The key to personal empowerment and a more inclusive world? Be your unique self
A globally recognized coach and speaker visiting Rochester this week is challenging people to be more authentic.
Ritu Bhasin says embracing our own unique qualities is not only the path to empowerment and personal success; it's also the foundation for a more inclusive world.
Bhasin will deliver the keynote address at Friday's FLX Women's conference, WOMEN RISING: Resilience, Resistance and Radical Connection.
In a recent interview, she explained what she means by authenticity.
"I define authenticity as the consistent practice of choosing to know who you are, to be who you are, and to embrace who you are as much as possible."
It sounds simple, but Bhasin said it's a challenge for most people. She learned from an early age that the more she expressed her unique self, the more she was told to conform.
"You can't tell this," she said, "but I'm a woman of color and I come from a religious minority group. I am a Sikh. My faith is called Sikhism, and I experienced, unfortunately, a lot of bullying as a child; racist childhood bullying at that. From a very young age, I internalized messages that to be accepted and have doors opened for me in terms of friendships and relationships, I needed to push down my brownness and play up my, 'I'm just like you, white people; I can be just like you.'
"Because my parents were immigrants to the country, I didn't grow up fancy and so it was a lot of me learning to act a lot more fancy than I am. While on the surface, those actions of me conforming to fit in led to some relationships and some doors opening, ultimately the adverse impact is, it hurt my self-esteem and my self-confidence."
Once we're adults in the workplace, Bhasin said, we might find the messages to fit it become more subtle and nuanced.
"For example," she explained, "you laugh and someone raises an eyebrow about how loud you're laughing, or you walk into a room and someone stares at you up and down and looks at what you're wearing, or is staring at your hair, or you're noticing that the person on your team who speaks in a really extroverted way and whose accent is more similar to the accent of the leader's and whose emotional expression is more similar to the leader's emotional expression in your team -- that's the person getting the better work, that's the person getting the mentorship and sponsorship, and that's the person ultimately getting promoted."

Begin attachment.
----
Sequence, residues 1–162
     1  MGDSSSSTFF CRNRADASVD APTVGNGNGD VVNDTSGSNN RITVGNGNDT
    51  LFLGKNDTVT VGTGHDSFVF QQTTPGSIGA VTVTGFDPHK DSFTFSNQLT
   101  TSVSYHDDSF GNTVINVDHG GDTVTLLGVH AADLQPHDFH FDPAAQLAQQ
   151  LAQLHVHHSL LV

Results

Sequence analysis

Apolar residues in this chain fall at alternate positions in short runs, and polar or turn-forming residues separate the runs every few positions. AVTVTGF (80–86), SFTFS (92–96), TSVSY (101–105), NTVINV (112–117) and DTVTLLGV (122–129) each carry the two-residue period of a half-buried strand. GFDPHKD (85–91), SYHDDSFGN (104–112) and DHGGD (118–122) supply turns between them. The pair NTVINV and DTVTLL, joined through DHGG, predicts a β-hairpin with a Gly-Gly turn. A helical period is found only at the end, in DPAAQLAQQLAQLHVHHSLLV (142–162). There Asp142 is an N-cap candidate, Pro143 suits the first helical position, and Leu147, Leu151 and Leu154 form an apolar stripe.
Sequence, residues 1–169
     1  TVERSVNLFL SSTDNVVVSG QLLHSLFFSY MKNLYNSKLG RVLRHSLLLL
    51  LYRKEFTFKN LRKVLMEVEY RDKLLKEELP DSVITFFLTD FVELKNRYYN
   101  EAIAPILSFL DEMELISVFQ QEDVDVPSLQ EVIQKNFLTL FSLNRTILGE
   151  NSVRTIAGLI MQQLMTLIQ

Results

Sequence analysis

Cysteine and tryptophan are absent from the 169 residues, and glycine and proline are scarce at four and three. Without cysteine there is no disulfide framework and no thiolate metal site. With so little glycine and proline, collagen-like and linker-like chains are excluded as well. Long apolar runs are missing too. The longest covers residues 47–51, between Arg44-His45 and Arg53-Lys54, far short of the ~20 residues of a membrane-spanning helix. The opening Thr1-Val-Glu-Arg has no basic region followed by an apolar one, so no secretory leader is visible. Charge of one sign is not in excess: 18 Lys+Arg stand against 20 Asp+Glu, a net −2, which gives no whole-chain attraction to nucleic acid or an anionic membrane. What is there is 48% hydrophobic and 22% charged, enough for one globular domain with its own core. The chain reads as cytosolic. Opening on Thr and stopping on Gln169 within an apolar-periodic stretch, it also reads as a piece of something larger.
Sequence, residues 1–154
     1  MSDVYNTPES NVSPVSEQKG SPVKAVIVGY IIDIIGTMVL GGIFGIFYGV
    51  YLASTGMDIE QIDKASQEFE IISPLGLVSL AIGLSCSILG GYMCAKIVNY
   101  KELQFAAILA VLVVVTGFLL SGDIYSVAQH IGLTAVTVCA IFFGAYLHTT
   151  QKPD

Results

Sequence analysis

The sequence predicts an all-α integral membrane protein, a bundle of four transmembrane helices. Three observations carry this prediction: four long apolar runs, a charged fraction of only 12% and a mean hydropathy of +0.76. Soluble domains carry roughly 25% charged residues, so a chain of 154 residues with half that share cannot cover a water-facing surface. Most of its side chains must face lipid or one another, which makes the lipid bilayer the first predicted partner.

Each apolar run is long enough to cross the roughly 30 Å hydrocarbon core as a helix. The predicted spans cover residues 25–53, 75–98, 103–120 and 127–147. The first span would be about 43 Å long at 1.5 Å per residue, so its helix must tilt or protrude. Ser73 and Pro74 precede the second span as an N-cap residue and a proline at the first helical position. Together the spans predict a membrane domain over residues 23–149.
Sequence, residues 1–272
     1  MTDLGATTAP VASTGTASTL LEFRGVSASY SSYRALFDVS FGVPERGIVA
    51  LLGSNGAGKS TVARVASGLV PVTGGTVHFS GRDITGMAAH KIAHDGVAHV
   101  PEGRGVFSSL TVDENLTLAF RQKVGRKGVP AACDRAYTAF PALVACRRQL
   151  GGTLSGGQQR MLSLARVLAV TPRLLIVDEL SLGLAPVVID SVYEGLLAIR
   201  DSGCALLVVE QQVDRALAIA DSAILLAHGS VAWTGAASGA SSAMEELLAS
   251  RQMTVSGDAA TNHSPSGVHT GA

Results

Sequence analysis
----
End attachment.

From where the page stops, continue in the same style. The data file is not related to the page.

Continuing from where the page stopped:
She said these attitudes are insidious and permeate most workplace cultures. Bhasin said that's why leaders and those in positions of power must become aware of how bias or certain behavior preferences affect the way they judge and evaluate people.
Secondly, she said, people who have unique traits or come from diverse communities should learn how to embrace their differences and get ready to withstand possible pushback.
That includes showing insecurities and vulnerabilities. It was one of her biggest lessons.
"The more I actually show you my imperfections and my vulnerabilities and my insecurities -- basically, the truth of who I am -- the more you will be drawn to me and the more you will embrace me," Bhasin said. "Why? I create a space for you because you're living like that, too, and you need a safe place to fall."
Click on the LISTEN link above to hear an interview with Bhasin.
Her book is "The Authenticity Principle," and she'll be a keynote speaker at the FLX Women's Rising conference this Friday, Nov. 1, at the Woodcliff Hotel in Fairport.